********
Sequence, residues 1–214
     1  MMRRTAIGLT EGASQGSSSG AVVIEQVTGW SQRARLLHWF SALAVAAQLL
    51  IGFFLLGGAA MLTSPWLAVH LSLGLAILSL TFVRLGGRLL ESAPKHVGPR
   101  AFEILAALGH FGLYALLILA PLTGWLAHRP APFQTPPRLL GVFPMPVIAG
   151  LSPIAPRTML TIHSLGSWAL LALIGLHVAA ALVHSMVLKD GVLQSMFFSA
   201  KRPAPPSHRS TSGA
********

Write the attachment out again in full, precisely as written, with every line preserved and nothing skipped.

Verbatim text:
Sequence, residues 1–214
     1  MMRRTAIGLT EGASQGSSSG AVVIEQVTGW SQRARLLHWF SALAVAAQLL
    51  IGFFLLGGAA MLTSPWLAVH LSLGLAILSL TFVRLGGRLL ESAPKHVGPR
   101  AFEILAALGH FGLYALLILA PLTGWLAHRP APFQTPPRLL GVFPMPVIAG
   151  LSPIAPRTML TIHSLGSWAL LALIGLHVAA ALVHSMVLKD GVLQSMFFSA
   201  KRPAPPSHRS TSGA